LOS ANGELES -- It took more than a half-century for the Houston Astros to win their first World Series and it felt as if they were celebrating more than a title -- and in many ways they were.
The final out of this seven-game World Series classic went to -- who else? -- second baseman Jose Altuve. The 5-foot-5 Altuve, who very well might win the American League regular-season MVP, calmly threw to first to begin the delirium.
"I couldn't believe it," the 27-year-old Altuve said hours after the last out, as teammates smoked big cigars and drenched one another in champagne in the visitors clubhouse at Dodger Stadium.
The MVP of the World Series, George Springer, just 28, saw Yuli Gurriel grasp the final out at first. Springer's instinct was to celebrate with one of the greatest postseason players in history, 40-year-old Carlos Beltran.
"I jumped in his arm like a 3-year-old," Springer said.
It was a good thing he did, because Beltran said, even after so many postseason games, he didn't really know what to do at the final out. Springer, though, seemed like a natural during the celebration. Springer jogged around the perimeter of Dodger Stadium's infield from interview to interview, holding his MVP trophy like a newborn.
Meanwhile, 23-year-old shortstop Carlos Correa completed a plan he first devised toward the end of the regular season, dropping down on one knee on national TV to ask his girlfriend, Miss Texas, Daniella Rodriguez, to marry him. He would receive congratulations from everyone he saw, including Astros ace Justin Verlander and his fiancée, Kate Upton, when they met at third base an hour or so after the final out.
What a moment! After Astros shortstop Carlos Correa proposed to his girlfriend, she called her mom to show off her engagement ring. (Photo by Rachel Ullrich)
But what stood out about the celebration is how much the Astros wanted to deliver the title to their city that has suffered so much since Hurricane Harvey hit.
It was not only Houston, but also Puerto Rico, which was devastated by Hurricane Irma. The Astros have many ties to Puerto Rico, beginning with Correa and Beltran. Springer is half Puerto Rican.
In their comments, the Astros hit the right tone, realizing that a baseball game will not rebuild anyone's home or restore anyone's electricity.
"They are going through a tough time right now," Correa said specifically of Houston in this instance. "For us to bring a little joy and happiness through baseball, it means everything, as well."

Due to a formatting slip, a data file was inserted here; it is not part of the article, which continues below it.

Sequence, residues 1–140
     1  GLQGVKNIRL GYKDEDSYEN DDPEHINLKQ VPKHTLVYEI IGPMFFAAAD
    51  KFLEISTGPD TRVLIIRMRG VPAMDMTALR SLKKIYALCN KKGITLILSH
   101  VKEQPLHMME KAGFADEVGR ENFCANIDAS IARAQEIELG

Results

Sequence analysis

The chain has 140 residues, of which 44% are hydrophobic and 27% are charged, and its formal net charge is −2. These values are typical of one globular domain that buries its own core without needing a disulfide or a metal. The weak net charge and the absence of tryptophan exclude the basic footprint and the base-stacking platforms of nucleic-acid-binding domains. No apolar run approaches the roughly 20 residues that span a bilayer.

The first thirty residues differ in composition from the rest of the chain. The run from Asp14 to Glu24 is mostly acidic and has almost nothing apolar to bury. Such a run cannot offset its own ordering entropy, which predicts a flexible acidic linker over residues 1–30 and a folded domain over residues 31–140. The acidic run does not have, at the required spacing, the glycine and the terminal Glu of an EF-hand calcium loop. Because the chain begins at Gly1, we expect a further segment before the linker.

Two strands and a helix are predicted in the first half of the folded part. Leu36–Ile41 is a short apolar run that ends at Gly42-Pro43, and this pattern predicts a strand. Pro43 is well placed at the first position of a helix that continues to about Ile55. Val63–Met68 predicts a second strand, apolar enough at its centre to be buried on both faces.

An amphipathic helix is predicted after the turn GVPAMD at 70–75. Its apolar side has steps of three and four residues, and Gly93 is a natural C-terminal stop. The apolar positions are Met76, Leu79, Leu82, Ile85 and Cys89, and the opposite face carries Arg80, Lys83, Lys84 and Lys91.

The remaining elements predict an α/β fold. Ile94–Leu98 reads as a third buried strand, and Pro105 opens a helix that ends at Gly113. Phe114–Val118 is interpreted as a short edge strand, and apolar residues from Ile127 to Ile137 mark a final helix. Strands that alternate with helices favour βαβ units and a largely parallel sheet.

The festivities of the postgame had a soundtrack from a pretty large Astros fan contingent that had moved down behind the road dugout. In Southern California, they sang, "Deep in the Heart of Texas!" They held a flag that said, "Don't mess with Texas," though their World Series title really has Connecticut roots.
Springer grew up in New Britain, Connecticut, and attended the University of Connecticut. Charlie Morton, who shut down the Dodgers for the final four innings to pick up the win, grew up in Trumbull, Connecticut. Morton's three young children collected dirt off the Dodger Stadium mound to bring home to their grandparents.
The field was filled with children. Some so young they didn't realize what had just been accomplished, playing on iPads or doing cartwheels in the outfield. But parents, wives and friends fully understood all the hard work that made it possible.
Altuve, for his part, was seldom seen during the celebration. He doesn't like champagne and he chose to stay behind the scenes. It, of course, meant just as much to him, maybe even more, as it did to anyone else in an Astros uniform. Altuve was there for the 100-loss seasons that helped the Astros build their foundation.
"It's a crazy journey," Altuve said. "But I think I was the only one in 2011, '12 and '13, those 100 losses -- three years in row. It's not easy. But I think I kind of like believed in the process."
The champagne on ice at Houston's clubhouse celebration
Altuve was the last one to talk in the Astros' clubhouse. He was packed into a corner, the celebration smoky and wet all around him. Lance McCullers Jr., who began the game for the Astros, tried to break through the crowd, saying, "He's the MVP. He's the best player on the planet, we get it."
The Astros got it. It was their first championship in their 56 seasons. They were celebrating beginnings, like Correa's engagement, and possible ends, as Beltran said he would soon make a decision about his playing future. And they looked forward to another party, the one they will bring to Houston.